The stress of the pandemic has reinforced nation-first mentalities, deepened inequalities, and weakened the multilateral system. To fight global warming, governments must move beyond thinking in such narrow national terms and re-energize foreign policy as a crucial tool of effective climate action.
This German federal election is crucial for Europe’s future. Angela Merkel’s successor has the choice of leading Europe toward more integration and strategic relevance or abetting its gradual, inexorable decline.
To fulfill its ambition of becoming an effective geopolitical power, the EU should place ecological security and diplomacy at the heart of its foreign and security policy. This approach should entail practical and innovative strategies that pursue systemic regeneration at home and abroad.
The coronavirus pandemic has strained the EU’s efforts to promote democracy. Nowhere is this clearer than in the Western Balkans, where China and Russia have used vaccine diplomacy to strengthen their roles in the region.
To reap the benefits of being valuable partners in promoting democracy abroad, the Visegrad Four countries must address democratic backsliding at home, improve coordination among themselves, and make bigger financial commitments.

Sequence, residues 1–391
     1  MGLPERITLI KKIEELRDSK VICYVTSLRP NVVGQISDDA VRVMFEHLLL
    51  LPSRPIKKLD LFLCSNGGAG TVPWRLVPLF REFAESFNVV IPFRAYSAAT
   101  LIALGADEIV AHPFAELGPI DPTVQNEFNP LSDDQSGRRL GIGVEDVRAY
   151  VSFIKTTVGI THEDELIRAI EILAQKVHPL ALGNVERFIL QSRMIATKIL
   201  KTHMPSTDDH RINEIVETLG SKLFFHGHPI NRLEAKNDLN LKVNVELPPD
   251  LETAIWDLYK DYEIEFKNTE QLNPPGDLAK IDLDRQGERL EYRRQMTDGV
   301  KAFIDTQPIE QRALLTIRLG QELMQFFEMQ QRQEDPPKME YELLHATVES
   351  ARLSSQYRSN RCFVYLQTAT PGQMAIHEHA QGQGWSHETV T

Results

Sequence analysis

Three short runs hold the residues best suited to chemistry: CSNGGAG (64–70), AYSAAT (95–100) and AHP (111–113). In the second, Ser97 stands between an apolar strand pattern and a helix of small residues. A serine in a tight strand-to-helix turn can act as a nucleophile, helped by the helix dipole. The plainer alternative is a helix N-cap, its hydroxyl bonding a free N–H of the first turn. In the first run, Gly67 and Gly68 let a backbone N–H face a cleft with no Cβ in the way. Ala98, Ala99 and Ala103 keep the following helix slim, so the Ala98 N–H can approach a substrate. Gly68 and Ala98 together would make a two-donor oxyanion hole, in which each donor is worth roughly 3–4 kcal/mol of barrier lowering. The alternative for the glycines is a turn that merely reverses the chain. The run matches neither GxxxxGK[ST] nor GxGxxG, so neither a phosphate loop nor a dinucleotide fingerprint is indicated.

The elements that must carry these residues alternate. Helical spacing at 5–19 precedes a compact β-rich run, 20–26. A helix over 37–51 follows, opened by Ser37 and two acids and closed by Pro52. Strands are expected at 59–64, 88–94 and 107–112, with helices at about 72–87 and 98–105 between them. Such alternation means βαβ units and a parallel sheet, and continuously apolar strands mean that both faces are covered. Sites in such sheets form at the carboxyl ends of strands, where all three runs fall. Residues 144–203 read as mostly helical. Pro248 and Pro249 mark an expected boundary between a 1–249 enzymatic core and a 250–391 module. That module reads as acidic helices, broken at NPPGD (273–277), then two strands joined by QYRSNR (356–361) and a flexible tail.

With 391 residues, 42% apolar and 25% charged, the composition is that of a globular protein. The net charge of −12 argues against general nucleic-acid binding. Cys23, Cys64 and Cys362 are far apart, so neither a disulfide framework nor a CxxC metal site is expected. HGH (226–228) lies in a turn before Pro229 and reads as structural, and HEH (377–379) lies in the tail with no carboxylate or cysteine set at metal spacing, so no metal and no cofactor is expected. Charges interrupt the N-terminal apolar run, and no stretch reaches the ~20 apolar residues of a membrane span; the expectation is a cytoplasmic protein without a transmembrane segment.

The EU’s hollow statements expressing “concern” over the latest Israeli-Palestinian conflagration will not deter either party. Unless the Europeans use what little leverage they have, they can forget about having a strategic role in the region.
The Conference on the Future of Europe is built on a haphazard compromise between competing visions, institutional rivalries, and the role of citizens. As such, it is unlikely to provide solutions to the many challenges facing the EU.
The EU prides itself on being a bold climate leader with the aim of achieving net zero carbon emissions by 2050. But the union is banking on incremental change. The world simply cannot afford such timid action, or indeed hypocrisy.
Lehne is a visiting scholar at Carnegie Europe in Brussels, where his research focuses on the post–Lisbon Treaty development of the European Union’s foreign policy, with a specific focus on relations between the EU and member states.
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